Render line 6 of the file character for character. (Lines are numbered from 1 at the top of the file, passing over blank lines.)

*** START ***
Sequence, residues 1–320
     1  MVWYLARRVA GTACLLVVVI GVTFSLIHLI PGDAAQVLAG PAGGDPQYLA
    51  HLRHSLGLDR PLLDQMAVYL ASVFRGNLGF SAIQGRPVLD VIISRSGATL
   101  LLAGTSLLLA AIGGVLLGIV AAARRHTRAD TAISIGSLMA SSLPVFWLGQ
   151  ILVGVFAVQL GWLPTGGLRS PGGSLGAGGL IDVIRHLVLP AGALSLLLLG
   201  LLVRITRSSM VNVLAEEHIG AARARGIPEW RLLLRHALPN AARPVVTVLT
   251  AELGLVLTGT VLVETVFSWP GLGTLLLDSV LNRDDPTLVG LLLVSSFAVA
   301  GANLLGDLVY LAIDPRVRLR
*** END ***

   201  LLVRITRSSM VNVLAEEHIG AARARGIPEW RLLLRHALPN AARPVVTVLT